Parents who leave children in searing-hot vehicles during the hot summer months are placing their children at risk.
"Vehicles can become extremely hot, even with the windows slightly down," Kingman police Cpl.
Tracie McKnight said.
"It doesn't take long for a child to suffer from heat stroke."
Jackson, a family practice physician at Cerbat Medical Center in Kingman, said extreme heat can affect infants and small children more than adults.
"When temperatures get up to 105 the body tries to do its best to sweat - that's how the body gets rid of heat.
The capillaries in the skin dilate," Jackson said.
"But losing water when sweating causes the heart to pump harder - leading a child's capillaries to dilate and causing the child to lose fluids through sweating."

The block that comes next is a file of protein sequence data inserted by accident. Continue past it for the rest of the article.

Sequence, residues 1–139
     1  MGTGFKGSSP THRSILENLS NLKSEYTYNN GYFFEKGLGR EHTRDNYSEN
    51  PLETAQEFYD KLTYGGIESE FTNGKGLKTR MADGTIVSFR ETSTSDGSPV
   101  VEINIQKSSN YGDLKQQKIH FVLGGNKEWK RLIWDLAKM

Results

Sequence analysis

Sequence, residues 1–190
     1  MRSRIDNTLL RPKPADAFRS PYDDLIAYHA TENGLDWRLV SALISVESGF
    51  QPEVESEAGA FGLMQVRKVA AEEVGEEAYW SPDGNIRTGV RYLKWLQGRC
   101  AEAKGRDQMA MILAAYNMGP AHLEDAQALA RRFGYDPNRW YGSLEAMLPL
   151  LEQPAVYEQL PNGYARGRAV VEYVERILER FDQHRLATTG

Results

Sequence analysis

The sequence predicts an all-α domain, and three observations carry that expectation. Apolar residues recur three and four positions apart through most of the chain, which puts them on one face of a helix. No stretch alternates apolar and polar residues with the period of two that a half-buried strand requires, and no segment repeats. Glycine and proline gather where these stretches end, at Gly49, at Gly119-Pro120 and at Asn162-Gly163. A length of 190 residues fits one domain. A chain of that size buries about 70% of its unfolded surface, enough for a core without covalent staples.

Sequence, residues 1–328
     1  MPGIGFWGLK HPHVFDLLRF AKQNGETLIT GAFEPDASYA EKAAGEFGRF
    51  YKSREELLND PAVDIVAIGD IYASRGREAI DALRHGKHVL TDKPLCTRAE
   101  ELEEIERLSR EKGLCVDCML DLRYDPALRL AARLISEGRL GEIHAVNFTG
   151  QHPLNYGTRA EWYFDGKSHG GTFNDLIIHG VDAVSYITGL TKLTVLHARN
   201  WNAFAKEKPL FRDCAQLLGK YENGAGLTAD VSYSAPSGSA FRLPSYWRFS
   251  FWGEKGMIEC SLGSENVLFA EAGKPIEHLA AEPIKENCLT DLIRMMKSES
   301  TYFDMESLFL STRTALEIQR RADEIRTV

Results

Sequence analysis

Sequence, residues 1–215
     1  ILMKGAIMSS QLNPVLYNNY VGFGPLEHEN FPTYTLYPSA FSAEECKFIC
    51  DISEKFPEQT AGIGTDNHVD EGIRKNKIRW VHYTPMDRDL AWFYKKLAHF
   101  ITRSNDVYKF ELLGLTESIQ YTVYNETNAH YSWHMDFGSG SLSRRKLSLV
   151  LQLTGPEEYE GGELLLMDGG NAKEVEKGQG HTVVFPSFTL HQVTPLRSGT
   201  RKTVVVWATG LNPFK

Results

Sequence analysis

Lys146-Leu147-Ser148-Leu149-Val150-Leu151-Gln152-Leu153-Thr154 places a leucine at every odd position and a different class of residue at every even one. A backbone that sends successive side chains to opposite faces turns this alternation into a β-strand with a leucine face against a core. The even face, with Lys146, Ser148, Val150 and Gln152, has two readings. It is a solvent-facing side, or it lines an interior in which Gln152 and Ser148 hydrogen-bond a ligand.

Jackson said this leads to heat exhaustion and stroke.
Symptoms include seizures, vomiting and mental instability.
"In hot weather heat stroke can lead to permanent disability or death in a very short time," Jackson said.
Each summer more than 30 children die from heat stroke in vehicles parked in the heat, according to the National SAFE KIDS Campaign.
The National Weather Service predicts a summer that will be warmer and dryer than usual.
For Kingman that means temperatures into the 100s.
The SAFE KIDS Campaign warns parents to be vigilant about their children's safety during days when temperatures are 80 degrees or higher by offering the additional precautions:
o Keep cars locked at all times, even in the garage or driveway.
o Teach children not to play in or around cars.
o If a child is locked inside a car, get him out and dial 911 immediately.
o Always make sure all children passengers have left the car after trips.